Despite some peoples' assumption it was already deceased.
When I envision the zombie apocalypse I can’t say the return of redundant electronic interfaces from the dead is quite what I have in mind, but nonetheless that is exactly what has happened. While I don’t know of anyone who has owned an AGP card since the hay-day of the ATI 9800 series (and nVidia’s awful FX range), cards have been knocking around based on more recent chips generally asking ridiculous prices for inferior products. Considering we’ll be moving up to PCI Express version 2.0 soon it seems an odd time to pledge support for the last generations technology.
Apparently nVidia and AMD see things differently and want to (s)cash in on(/s) lend their support to the apparently large market of users hoping to use the latest graphics hardware with the best of 2003’s CPU and motherboard offerings. Admittedly the main demand for this support is cited as LAN centres (clearly not real LAN centres) who supposedly can’t afford the upgrade to a PCI Express platform.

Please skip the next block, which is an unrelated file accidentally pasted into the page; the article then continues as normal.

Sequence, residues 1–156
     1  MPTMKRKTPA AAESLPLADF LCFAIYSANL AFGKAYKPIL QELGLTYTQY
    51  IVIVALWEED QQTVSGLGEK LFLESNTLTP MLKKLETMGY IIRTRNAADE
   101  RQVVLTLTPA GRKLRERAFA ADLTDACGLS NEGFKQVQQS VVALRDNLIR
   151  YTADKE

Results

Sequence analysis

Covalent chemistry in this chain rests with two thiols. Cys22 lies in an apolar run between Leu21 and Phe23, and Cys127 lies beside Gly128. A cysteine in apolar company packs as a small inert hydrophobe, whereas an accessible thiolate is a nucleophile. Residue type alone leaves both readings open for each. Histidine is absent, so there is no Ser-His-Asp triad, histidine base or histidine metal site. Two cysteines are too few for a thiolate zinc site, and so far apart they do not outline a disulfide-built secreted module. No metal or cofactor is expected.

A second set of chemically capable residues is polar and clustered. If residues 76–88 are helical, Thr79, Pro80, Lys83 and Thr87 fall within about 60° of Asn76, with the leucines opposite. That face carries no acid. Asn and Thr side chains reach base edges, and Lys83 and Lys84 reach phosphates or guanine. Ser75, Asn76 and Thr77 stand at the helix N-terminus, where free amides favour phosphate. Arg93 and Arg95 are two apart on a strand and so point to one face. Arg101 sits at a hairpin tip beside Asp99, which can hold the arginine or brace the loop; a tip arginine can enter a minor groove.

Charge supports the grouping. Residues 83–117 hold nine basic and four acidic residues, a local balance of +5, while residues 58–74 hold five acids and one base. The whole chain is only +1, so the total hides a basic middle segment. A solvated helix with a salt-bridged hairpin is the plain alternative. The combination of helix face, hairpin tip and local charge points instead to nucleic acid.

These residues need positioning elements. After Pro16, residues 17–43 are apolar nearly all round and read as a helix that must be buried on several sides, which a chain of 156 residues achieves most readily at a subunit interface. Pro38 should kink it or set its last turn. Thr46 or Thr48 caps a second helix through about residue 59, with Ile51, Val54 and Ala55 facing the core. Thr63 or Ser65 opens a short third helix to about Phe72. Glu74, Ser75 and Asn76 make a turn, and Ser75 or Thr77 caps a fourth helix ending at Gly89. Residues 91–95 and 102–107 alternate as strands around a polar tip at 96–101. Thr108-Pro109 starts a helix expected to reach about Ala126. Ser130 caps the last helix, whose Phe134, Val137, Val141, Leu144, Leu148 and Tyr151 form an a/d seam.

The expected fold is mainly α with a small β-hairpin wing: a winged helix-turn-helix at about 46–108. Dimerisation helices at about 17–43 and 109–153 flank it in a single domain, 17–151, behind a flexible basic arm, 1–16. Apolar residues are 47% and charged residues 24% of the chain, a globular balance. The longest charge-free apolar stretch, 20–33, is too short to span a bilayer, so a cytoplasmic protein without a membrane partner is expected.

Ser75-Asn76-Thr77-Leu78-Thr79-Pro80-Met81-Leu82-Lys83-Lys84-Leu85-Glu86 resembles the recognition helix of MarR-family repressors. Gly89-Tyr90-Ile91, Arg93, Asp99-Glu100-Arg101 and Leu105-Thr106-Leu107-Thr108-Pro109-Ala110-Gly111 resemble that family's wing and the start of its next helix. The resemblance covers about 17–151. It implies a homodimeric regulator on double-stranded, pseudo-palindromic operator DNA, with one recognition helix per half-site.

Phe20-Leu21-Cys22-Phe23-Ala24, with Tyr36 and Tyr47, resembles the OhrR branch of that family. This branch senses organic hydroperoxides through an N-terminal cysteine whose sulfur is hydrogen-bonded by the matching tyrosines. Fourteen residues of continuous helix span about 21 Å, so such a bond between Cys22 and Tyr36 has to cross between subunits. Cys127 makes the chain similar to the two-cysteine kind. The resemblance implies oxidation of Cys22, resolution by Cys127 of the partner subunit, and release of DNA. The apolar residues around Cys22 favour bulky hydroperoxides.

For nVidia this means creating a new PCI-E to AGP bridge as the current incarnation, designed for the 7-series, isn’t compatible with the 8xxx range, which doesn’t surprise us in the least. The new version is going to be designed to work with 8600 and 8400 GPUs and the upcoming G92 chipset. No AGP 8800 Ultra’s then – shame.
AMD purportedly already has the infrastructure in place for AGP versions of its 2600 and 2400 cards but is having problems with DX10 and HDMI on the aged interface. These wrinkles should be ironed out by the end of this month according to sources so we should expect to see cards soon after.
We probably don’t have to worry about the offerings from either company trying to eat our brains, but you probably can expect a hefty bite out of your wallet for the privilege of owning one. Ah, progress.